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Post Merger Plans

TWICE: When the merger occurs, presumably the merged company will adopt the best practices of both companies. Can you identify each company’s strengths?

Karmazin: We have not been able to get into each other’s businesses. There are antitrust concerns that are out there that would stop us from sharing any information at all with XM. All I know about XM is what I know as a competitor. So there hasn’t been one bit of information that is confidential that I have learned, or conversely that we have provided to XM, during this period. We’re prohibited from knowing.

TWICE: How would you accomplish your “one-radio, two-services” pledge? By porting some XM content to Sirius radios, and vice versa?

Karmazin: We started our service with 100 channels, and through compression technology and engineering enhancement and the normal rotation, we now have 135 channels instead of 100. So what we say is that we’d be able to increase our capacity by a certain number so that our existing receivers would be able to get some additional content. So as an example, if we wanted to have some baseball, or we wanted to have Oprah, or we wanted to have some of this content, we’d be able to deliver that to our satellites and to our receivers subject to the content partners’ agreements. We couldn’t offer a full complement of both services.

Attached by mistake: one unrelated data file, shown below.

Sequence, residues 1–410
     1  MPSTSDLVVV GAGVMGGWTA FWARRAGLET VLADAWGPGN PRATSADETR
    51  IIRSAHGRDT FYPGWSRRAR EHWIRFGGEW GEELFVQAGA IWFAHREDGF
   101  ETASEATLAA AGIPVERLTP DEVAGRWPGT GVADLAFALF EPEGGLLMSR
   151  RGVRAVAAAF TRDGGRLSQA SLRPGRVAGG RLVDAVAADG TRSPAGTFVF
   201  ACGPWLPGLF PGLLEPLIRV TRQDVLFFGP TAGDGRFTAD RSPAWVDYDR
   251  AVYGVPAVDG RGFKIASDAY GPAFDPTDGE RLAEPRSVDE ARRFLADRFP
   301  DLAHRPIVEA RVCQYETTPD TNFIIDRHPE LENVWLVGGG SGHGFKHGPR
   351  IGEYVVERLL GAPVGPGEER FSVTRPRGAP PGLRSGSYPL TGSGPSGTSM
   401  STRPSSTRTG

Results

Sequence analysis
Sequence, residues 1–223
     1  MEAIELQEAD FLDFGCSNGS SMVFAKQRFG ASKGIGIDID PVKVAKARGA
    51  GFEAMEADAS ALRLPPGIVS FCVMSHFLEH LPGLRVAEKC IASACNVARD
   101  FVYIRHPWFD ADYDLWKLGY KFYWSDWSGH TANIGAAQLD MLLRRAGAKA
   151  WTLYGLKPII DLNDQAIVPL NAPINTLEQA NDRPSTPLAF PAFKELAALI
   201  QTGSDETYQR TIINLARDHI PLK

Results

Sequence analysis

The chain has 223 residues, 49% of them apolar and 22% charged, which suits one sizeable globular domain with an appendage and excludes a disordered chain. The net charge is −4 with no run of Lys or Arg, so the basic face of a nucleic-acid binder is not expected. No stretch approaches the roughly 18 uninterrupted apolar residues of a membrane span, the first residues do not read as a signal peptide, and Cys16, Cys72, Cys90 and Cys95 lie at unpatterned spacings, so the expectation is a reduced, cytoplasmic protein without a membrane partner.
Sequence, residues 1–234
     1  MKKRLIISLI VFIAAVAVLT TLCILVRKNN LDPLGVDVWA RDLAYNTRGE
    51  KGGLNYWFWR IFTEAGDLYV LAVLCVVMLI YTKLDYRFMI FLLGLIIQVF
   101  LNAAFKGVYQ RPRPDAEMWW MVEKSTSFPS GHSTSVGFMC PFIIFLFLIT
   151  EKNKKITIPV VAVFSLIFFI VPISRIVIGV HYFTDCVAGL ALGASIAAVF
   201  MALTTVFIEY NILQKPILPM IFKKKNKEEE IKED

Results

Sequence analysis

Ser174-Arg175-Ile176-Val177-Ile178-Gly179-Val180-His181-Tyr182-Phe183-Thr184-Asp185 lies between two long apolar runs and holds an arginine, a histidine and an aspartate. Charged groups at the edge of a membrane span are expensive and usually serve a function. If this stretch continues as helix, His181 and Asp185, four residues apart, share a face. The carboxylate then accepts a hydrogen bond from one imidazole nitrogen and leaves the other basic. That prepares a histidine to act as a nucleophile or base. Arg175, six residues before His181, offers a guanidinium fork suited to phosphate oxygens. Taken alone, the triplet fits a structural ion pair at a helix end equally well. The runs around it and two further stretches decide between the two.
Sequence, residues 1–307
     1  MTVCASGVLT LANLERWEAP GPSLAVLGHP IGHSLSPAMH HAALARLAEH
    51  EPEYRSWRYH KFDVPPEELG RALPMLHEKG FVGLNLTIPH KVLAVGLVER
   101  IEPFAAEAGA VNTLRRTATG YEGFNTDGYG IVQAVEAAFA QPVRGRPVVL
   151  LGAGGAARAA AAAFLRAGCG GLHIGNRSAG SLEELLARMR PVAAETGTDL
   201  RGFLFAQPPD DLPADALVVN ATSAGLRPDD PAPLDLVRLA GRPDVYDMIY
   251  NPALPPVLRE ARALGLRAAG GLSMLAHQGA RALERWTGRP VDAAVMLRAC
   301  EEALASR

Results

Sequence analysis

TWICE: Could we see a 50/50 split between XM and Sirius content on an existing satellite radio?

Karmazin: If we wanted to do that, but why would we want to do that if you’re a Sirius subscriber and you like our content? We’re basically saying to you that we don’t want you to be disenfranchised. We saying to you that “You’re an existing subscriber, you don’t have to pay more than $12.95 after the merger, and your existing radio is going to work.”

TWICE: And you would eliminate redundancies in the selection of channels offered by Sirius and XM after the merger to make room for some of the extra channels?

Karmazin: Let’s assume for a second that, when the time came, that we’d take a look, and say that we both have a ’50s station. Now can you sit there and say, “Which of the ’50s channels might be the best channel?” And we’d have some cost savings at the head end, and we would not be producing two 50s channels.

TWICE: So Sirius would still have its voice and brand, and XM would have its voice and brand, a Sirius receiver would continue to get existing Sirius channels plus some additional XM content, and vice versa?

Karmazin: Right.

TWICE: And down the road?

Karmazin: The opportunity exists for us to commercially market an interoperable radio. Right now we have developed it. There’s one in my office right now, which is an interoperable radio, which is a receiver that in essence has an XM component and a Sirius component sort of Velcro-ed together. So we developed that, and one of the things that we have the opportunity to do is to market it into retail stores as an interoperable radio, one that would be priced attractively and be able to get the consumer both services. A radio that gets the best of both services is sort of attractive and again enables the two companies to not water each other down but to have a stronger service while competing with all of these other technologies.